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15 April 2019

161: Claim of dismissal for alleging breach of a statutory right requires allegation of actual, not threatened, breach

Under the Employment Rights Act 1996, it is automatically unfair to dismiss an employee in retaliation for bringing Tribunal proceedings to enforce a statutory right, or for alleging that their employer had infringed a statutory right (section 104(1)).

It is immaterial whether the employee actually has the statutory right or whether a right has actually been infringed, but they must act in good faith. In Spaceman v ISS Mediclean Ltd (t/a ISS Facility Service Healthcare), the Employment Appeal Tribunal (the EAT) considered whether an employee was protected under these provisions where he had alleged during disciplinary proceedings that his employer had predetermined that he was going to be dismissed.

Mr Spaceman was suspended by ISS Mediclean Ltd following allegations that he had sexually harassed and assaulted three colleagues. During his disciplinary hearing, he alleged that ISS had already decided it was going to dismiss him. The company subsequently dismissed him for gross misconduct. However, Mr Spaceman claimed in the Employment Tribunal that the real reason for his dismissal was his allegation that ISS had infringed his statutory right not to be unfairly dismissed.

The Employment Tribunal struck out this claim as having no reasonable prospect of success. It noted that the legislation requires an allegation that the employer had infringed the employee’s statutory right. The use of the past tense is significant. Mr Spaceman claimed that he had been dismissed for alleging that ISS had already made up its mind to dismiss him. If this was true, then his allegation could not in itself be the main reason for his dismissal. It was unsustainable to argue that an employee could complain that a dismissal was going to be unfair and then claim that they were dismissed for asserting infringement of a statutory right, thereby avoiding the need for any period of qualifying service.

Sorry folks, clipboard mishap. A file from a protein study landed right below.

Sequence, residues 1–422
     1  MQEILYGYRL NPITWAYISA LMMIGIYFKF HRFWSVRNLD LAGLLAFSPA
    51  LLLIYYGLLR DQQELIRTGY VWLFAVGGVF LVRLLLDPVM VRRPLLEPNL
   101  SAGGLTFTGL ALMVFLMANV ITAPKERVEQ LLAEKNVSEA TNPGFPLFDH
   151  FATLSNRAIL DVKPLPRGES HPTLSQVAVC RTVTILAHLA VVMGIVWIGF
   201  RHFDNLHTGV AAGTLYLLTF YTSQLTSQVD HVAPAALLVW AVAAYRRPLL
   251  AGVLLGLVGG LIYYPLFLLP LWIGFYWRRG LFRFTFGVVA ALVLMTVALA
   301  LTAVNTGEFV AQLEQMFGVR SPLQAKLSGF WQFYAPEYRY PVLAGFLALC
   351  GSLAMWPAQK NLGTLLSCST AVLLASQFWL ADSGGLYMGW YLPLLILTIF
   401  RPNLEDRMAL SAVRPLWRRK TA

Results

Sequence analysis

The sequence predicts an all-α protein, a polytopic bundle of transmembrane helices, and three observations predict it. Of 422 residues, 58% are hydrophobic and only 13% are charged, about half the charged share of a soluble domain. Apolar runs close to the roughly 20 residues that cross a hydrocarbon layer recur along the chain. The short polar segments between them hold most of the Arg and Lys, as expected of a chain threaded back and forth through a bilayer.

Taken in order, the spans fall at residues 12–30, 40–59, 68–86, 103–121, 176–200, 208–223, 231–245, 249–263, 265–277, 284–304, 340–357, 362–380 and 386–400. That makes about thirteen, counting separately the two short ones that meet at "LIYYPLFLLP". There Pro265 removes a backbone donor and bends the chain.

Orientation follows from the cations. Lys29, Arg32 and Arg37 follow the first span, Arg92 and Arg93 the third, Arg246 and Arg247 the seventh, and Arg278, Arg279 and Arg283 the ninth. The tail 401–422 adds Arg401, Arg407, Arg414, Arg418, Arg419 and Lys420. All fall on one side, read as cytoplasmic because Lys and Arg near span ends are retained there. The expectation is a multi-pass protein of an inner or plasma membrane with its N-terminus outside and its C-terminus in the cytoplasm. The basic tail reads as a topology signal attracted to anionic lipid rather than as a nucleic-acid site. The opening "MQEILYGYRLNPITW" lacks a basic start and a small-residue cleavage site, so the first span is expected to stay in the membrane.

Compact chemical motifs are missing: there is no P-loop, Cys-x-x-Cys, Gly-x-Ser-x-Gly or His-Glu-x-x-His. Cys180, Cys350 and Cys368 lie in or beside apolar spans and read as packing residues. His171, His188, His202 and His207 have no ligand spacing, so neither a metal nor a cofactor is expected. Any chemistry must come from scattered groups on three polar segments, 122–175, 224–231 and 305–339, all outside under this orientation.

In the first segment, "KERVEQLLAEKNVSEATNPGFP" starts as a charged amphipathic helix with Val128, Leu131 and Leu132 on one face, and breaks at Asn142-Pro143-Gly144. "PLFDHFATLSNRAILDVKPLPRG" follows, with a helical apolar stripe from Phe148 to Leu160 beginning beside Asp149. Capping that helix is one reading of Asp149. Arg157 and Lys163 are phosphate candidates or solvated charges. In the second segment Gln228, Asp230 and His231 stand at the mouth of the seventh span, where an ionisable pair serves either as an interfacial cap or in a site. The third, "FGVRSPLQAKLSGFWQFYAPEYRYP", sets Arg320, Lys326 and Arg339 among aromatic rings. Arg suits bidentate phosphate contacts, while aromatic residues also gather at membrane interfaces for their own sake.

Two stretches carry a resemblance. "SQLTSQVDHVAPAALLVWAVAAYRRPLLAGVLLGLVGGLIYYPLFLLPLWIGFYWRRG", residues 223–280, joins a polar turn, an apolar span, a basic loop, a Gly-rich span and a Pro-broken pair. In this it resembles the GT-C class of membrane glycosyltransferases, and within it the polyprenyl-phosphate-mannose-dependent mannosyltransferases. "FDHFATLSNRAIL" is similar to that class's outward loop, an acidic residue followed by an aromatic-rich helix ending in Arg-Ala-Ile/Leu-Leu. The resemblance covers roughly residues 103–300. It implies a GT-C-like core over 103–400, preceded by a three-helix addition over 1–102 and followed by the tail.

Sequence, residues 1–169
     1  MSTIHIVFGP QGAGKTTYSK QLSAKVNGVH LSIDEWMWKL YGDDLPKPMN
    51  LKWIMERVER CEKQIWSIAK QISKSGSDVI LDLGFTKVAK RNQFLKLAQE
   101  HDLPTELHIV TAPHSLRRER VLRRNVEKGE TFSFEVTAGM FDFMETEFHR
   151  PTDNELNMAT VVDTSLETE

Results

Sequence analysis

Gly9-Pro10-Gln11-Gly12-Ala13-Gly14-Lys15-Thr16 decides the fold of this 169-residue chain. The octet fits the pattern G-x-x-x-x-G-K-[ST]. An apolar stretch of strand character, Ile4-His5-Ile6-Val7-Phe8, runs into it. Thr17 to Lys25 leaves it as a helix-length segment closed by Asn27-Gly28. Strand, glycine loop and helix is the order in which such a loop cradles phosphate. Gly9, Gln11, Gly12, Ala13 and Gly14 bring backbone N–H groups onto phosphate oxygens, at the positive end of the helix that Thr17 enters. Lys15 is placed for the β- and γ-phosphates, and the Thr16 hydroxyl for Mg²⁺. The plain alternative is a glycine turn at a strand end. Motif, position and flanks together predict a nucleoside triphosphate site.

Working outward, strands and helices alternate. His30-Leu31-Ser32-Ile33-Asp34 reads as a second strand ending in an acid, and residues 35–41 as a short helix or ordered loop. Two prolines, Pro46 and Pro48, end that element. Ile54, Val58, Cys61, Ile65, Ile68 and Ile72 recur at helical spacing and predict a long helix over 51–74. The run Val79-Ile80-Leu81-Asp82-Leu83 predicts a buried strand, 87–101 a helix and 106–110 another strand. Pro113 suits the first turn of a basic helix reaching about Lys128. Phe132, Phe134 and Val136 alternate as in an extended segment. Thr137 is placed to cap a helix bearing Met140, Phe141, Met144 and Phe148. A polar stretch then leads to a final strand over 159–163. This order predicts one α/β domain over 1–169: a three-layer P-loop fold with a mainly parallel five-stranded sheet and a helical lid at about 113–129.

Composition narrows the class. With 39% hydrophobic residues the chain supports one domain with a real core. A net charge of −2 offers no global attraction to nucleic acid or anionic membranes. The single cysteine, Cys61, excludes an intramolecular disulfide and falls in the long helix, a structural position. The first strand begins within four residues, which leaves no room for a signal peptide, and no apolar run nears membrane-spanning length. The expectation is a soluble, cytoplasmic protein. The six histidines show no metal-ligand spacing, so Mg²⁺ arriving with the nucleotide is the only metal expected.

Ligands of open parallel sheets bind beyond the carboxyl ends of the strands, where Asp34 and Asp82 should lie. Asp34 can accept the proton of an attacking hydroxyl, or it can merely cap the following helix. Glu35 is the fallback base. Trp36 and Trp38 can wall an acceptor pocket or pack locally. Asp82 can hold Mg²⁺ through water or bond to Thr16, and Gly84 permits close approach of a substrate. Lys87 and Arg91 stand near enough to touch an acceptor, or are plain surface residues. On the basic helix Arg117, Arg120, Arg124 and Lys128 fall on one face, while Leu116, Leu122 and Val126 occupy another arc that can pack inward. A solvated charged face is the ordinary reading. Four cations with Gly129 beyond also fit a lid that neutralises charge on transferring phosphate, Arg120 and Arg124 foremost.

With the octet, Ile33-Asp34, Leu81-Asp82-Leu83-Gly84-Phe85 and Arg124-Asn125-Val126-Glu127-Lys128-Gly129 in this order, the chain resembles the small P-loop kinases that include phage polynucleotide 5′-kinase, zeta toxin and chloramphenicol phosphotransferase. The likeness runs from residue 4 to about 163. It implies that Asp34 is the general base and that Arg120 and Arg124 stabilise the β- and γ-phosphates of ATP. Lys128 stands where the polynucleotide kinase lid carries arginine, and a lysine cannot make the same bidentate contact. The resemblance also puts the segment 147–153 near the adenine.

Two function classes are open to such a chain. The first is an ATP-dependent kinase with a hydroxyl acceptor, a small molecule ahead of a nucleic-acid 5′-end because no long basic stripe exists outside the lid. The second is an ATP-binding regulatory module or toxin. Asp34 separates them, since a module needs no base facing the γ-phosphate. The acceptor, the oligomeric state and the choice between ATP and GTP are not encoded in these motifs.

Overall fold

The EAT upheld the Tribunal’s decision, agreeing that an employee must have alleged that a statutory right had actually been infringed. An allegation that there may be a breach in the future is not sufficient. Mr Spaceman had complained that the disciplinary procedure was unfair and that the company intended to dismiss him, but he did not allege that he had been unfairly dismissed.

This case confirms that an employee will only be protected if they have alleged, in good faith, that an infringement has already occurred, although it does not matter whether or not this is correct. In the context of the right not to be unfairly dismissed, this requires an allegation by the employee that they have been unfairly dismissed, not merely that the employer is taking action which will or may result in an unfair dismissal in the future.

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